The City of Williams Lake is asking for public feedback on whether it should explore the opportunity to host a Greater Metro Hockey League team in Williams Lake. (Angie Mindus photo - Williams Lake Tribune)

The City of Williams Lake is asking for public feedback on whether it should explore the opportunity to host a Greater Metro Hockey League team in Williams Lake. (Angie Mindus photo - Williams Lake Tribune)

City of Williams Lake seeks feedback on hosting junior hockey league team

A league expansion application in Quesnel is also pending

The Greater Metro Hockey League is seeking expansion into Williams Lake.

On Thursday, the City of Williams Lake released a survey asking for public feedback while it explores the possibility of hosting a GMHL team in the community.

“This is a fantastic opportunity to bring forward a new hockey team and community sport to complement our Williams Lake Minor Hockey Association and Williams Lake Stampeders,” the city said in a release.

The GMHL brands itself as a “tier II” junior A men’s league and is not sanctioned by Hockey Canada. It started in Ontario in 2007 and expanded into Alberta in 2019 by absorbing some of the former teams of the Western Provinces Hockey Association.

Ian James, director of community services, said the GMHL made a presentation to the Central Cariboo Joint Committee which was approved unanimously on Dec. 16 where both councils asked James to prepare a report on the potential for a team in the league.

On Wednesday, Feb. 24, James presented his findings to the joint committee.

“The councillors liked what they heard and thought we should move to the next step, which is more community engagement,” James said.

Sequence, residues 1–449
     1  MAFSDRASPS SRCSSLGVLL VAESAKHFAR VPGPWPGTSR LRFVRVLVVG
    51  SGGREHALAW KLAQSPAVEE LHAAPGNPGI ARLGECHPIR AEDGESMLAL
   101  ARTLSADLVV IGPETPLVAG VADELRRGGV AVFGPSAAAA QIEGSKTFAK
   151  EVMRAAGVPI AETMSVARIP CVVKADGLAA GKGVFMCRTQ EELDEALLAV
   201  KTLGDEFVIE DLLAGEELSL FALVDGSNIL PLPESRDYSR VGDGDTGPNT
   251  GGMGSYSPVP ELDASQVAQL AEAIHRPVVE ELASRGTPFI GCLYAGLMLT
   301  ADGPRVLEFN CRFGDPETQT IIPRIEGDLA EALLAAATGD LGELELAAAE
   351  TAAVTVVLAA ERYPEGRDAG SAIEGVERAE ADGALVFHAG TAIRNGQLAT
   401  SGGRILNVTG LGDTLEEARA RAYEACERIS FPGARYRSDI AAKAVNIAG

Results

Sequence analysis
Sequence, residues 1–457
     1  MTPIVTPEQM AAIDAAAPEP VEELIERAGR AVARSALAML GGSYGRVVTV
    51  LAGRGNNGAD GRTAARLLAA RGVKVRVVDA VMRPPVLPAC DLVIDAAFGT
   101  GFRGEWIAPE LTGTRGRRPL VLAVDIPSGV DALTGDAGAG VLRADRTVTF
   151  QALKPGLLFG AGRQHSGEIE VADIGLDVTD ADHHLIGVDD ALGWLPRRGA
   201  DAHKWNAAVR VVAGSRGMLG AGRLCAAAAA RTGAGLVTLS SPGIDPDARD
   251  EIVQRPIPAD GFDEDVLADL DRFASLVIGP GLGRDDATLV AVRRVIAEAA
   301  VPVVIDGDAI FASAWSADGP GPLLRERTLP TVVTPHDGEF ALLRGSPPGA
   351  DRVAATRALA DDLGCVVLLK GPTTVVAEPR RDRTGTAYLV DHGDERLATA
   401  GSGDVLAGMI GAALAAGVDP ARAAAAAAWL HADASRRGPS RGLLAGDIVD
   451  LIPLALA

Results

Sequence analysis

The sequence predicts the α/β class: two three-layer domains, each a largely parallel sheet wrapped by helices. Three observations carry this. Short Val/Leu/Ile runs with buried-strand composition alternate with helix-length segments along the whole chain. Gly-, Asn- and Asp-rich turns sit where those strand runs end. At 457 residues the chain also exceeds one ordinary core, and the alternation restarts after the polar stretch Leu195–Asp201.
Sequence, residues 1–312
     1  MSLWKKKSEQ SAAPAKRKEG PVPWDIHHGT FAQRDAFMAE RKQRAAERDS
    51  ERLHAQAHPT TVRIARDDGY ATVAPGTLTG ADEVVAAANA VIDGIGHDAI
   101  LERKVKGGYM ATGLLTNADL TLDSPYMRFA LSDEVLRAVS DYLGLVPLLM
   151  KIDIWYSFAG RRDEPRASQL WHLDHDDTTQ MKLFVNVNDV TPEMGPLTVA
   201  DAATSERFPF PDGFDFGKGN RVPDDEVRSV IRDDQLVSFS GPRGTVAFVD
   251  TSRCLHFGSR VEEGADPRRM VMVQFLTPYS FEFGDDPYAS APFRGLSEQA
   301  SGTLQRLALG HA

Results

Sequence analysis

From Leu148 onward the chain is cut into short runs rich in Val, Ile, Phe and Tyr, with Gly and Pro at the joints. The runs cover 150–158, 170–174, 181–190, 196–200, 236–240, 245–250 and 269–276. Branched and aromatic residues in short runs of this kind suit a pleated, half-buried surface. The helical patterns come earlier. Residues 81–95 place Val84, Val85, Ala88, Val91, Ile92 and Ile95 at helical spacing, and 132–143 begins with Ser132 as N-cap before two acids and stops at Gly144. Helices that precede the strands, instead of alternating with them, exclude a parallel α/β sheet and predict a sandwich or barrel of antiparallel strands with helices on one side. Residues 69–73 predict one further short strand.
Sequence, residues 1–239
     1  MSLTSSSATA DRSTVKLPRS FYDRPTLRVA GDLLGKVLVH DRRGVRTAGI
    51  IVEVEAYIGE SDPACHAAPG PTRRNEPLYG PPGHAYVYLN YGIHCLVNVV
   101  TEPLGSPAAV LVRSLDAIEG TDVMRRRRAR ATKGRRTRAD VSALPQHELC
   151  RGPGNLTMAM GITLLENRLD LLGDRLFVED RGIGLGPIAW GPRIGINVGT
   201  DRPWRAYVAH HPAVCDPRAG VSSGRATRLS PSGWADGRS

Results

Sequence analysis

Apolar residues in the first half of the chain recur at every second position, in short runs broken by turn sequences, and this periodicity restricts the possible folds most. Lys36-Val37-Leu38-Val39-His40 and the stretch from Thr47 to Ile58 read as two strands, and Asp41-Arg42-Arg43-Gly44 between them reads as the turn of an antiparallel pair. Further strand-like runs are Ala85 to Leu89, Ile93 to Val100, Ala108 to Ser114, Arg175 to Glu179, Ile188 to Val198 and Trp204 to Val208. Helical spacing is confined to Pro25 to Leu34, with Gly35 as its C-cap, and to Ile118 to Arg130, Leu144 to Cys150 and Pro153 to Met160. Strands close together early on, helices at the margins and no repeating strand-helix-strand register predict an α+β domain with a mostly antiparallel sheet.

“In my background check, Williams Lake Minor Hockey and the Williams Lake Stampeders were all supportive and willing to share the ice, and that was a key hurdle for us.”

GMHL west division expansion director Derek Prue recently told Black Press Media the league is hoping to expand into at least three northern B.C. markets next year. League staff would set up the team’s logistics, hire staff and recruit players.

Prue noted the GMHL will not require any capital funding or investment from the city.

At the next joint committee meeting on March 24, a formal decision could potentially be made one way or another.

“We’ll look at the survey results, hear Derek’s answers to some of the questions and concerns and be able to get a pulse of what the community is saying,” James said. “If we’re comfortable with all the terms, a decision would be made after that if everything is progressing nicely.”

If approved, the team would start play in the fall of 2021.

In its request for community feedback the city said they expect the addition of a GMHL team would bring increased tourism, positive publicity and increased opportunity for the community.

READ MORE: GMHL responds to Quesnel critics

The GMHL’s bid to host a team in Quesnel, meanwhile, has come under fire from the Central Interior Hockey League’s Quesnel Kangaroos and the Quesnel and District Minor Hockey Association (QDMHA). Both organizations sent letters to the North Cariboo Joint Planning Committee earlier this month questioning whether the city should support a GMHL team.

The QDMHA’s concerns revolved around players bouncing back and forth between affiliated and non-affiliated leagues, along with the GMHL’s issues with stability.

The league expansion application in Quesnel is still pending.

The GMHL’s players pay between $8,000 and $10,000 per year to play in the league, Prue said.

Williams Lake’s last junior A hockey team was the Williams Lake Timberwolves of the BC Hockey League, who played its final season in 2009/10.

– With files from Cassidy Dankochik/Quesnel Cariboo Observer

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